Feeds

UK jails schizophrenic for refusal to decrypt files

Terror squad arrest over model rocket

SANS - Survey on application security programs

Exclusive The first person jailed under draconian UK police powers that Ministers said were vital to battle terrorism and serious crime has been identified by The Register as a schizophrenic science hobbyist with no previous criminal record.

His crime was a persistent refusal to give counter-terrorism police the keys to decrypt his computer files.

The 33-year-old man, originally from London, is currently held at a secure mental health unit after being sectioned while serving his sentence at Winchester Prison.

The Eurostar terminal at St Pancras

In June the man, JFL, who spoke on condition we do not publish his full name, was sentenced to nine months imprisonment under Part III of the Regulation of Investigatory Powers Act (RIPA). The powers came into force at the beginning of October 2007.

JFL told The Register he had scrambled the data on several devices as part of security measures for his business, a small software company.

He was arrested on 15 September 2008 by officers from the Metropolitan Police's elite Counter-Terrorism Command (CTC), when entering the UK from France. Sniffer dogs at Gare du Nord in Paris detected his Estes model rocket, which was still in its packaging and did not have an engine.

On arrival at St Pancras, JFL was detained under the Terrorism Act and taken to Paddington Green police station, a highly secure facility where UK police hold their most dangerous suspects.

He was returning to the UK for an appointment with customs officials, to surrender after a missed bail appearance. This separate customs investigation - since dropped without charges - surrounded a failed attempt to enter Canada, and JFL missed bail following a move to the Netherlands. This contact with British authorities was apparently part of CTC's decision to arrest JFL.

While interviewing him, CTC, the unit that in 2006 replaced Special Branch as the UK's national counter-terror police, also seized more luggage. JFL had sent packages separately via Fedex to the Camden Lock Holiday Inn, where he had booked a room.

Throughout several hours of questioning, JFL maintained silence. With a deep-seated wariness of authorities, he did not trust his interviewers. He also claims a belief in the right to silence - a belief which would later allow him to be prosecuted under RIPA Part III.

A full forensic examination found nine nanograms of the high explosive RDX on his left hand, but JFL was given police bail. His passport was seized, however.

JFL says he does not know how the RDX, which has has military and civil applications, came to be on his hand. A result of five nanograms or less is routinely discounted by forensics and no charges were ever brought over his result of nine nanograms.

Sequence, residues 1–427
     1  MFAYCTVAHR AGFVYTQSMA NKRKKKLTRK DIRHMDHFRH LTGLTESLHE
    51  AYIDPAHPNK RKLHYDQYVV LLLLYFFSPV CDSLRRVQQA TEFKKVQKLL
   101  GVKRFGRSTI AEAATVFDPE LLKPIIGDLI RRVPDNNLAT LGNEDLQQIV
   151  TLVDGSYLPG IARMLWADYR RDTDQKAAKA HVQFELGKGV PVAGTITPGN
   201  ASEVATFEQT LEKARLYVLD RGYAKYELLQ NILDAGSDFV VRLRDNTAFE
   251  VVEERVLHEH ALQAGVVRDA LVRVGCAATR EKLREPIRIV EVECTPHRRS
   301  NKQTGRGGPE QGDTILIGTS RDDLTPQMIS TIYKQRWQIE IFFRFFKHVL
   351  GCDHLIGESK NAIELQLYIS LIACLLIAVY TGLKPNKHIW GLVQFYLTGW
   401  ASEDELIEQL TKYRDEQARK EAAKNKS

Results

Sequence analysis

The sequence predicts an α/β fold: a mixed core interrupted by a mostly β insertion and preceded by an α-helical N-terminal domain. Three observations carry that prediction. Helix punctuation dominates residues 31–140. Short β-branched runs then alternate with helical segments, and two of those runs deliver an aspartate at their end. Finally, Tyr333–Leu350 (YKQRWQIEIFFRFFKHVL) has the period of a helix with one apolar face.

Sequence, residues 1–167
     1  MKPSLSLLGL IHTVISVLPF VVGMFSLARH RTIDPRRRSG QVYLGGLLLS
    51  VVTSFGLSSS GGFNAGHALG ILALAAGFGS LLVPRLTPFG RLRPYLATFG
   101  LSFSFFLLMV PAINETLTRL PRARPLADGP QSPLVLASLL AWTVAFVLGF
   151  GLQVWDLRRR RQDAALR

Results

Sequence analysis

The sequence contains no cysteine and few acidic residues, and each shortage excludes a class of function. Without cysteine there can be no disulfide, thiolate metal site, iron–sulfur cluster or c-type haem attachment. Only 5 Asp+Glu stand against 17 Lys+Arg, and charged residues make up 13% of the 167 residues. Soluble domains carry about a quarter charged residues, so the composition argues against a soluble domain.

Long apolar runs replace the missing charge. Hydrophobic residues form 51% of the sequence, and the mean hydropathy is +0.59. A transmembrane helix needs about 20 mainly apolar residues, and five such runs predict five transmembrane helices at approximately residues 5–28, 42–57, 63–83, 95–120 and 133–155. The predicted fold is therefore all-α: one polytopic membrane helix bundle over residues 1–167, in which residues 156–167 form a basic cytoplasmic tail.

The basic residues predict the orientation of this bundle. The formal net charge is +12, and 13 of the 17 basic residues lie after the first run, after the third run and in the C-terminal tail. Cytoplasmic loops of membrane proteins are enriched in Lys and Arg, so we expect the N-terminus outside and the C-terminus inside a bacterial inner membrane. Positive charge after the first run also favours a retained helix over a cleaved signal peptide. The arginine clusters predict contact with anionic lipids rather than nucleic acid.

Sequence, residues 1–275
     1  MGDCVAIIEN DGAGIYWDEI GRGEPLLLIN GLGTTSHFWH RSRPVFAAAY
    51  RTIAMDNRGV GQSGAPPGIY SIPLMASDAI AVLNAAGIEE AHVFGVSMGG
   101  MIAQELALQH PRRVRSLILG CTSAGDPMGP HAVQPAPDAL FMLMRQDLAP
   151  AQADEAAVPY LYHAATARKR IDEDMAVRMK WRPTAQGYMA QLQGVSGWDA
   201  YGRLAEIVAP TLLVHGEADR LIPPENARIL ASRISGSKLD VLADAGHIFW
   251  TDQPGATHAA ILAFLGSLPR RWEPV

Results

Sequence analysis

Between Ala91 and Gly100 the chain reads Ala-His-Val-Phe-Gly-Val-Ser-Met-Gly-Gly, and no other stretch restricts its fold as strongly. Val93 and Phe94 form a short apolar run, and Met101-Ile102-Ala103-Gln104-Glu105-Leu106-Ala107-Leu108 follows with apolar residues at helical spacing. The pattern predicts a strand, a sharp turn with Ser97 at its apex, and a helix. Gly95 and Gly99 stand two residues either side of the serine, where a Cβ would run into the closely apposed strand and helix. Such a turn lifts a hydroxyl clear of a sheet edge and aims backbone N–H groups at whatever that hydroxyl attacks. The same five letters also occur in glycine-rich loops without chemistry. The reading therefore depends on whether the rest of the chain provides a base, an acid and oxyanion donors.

He returned to Paddington Green station as appointed on 2 December, and was re-arrested for carrying a pocket knife. During the interview CTC officers told JFL they wanted to examine the encrypted contents of the several hard drives and USB thumb drives they had seized from his Fedex packages.

High performance access to file storage

More from The Register

next story
Putin tells Snowden: Russia conducts no US-style mass surveillance
Gov't is too broke for that, Russian prez says
One year on: diplomatic fail as Chinese APT gangs get back to work
Mandiant says past 12 months shows Beijing won't call off its hackers
Lavabit loses contempt of court appeal over protecting Snowden, customers
Judges rule complaints about government power are too little, too late
MtGox chief Karpelès refuses to come to US for g-men's grilling
Bitcoin baron says he needs another lawyer for FinCEN chat
Don't let no-hire pact suit witnesses call Steve Jobs a bullyboy, plead Apple and Google
'Irrelevant' character evidence should be excluded – lawyers
Edward Snowden on his Putin TV appearance: 'Why all the criticism?'
Denies Q&A cameo was meant to slam US, big-up Russia
EFF: Feds plan to put 52 MILLION FACES into recognition database
System would identify faces as part of biometrics collection
Record labels sue Pandora over vintage song royalties
Companies want payout on recordings made before 1972
Ex-Tony Blair adviser is new top boss at UK spy-hive GCHQ
Robert Hannigan to replace Sir Iain Lobban in the autumn
Judge halts spread of zombie Nortel patents to Texas in Google trial
Epic Rockstar patent war to be waged in California
prev story

Whitepapers

Securing web applications made simple and scalable
In this whitepaper learn how automated security testing can provide a simple and scalable way to protect your web applications.
3 Big data security analytics techniques
Applying these Big Data security analytics techniques can help you make your business safer by detecting attacks early, before significant damage is done.
The benefits of software based PBX
Why you should break free from your proprietary PBX and how to leverage your existing server hardware.
Top three mobile application threats
Learn about three of the top mobile application security threats facing businesses today and recommendations on how to mitigate the risk.
Combat fraud and increase customer satisfaction
Based on their experience using HP ArcSight Enterprise Security Manager for IT security operations, Finansbank moved to HP ArcSight ESM for fraud management.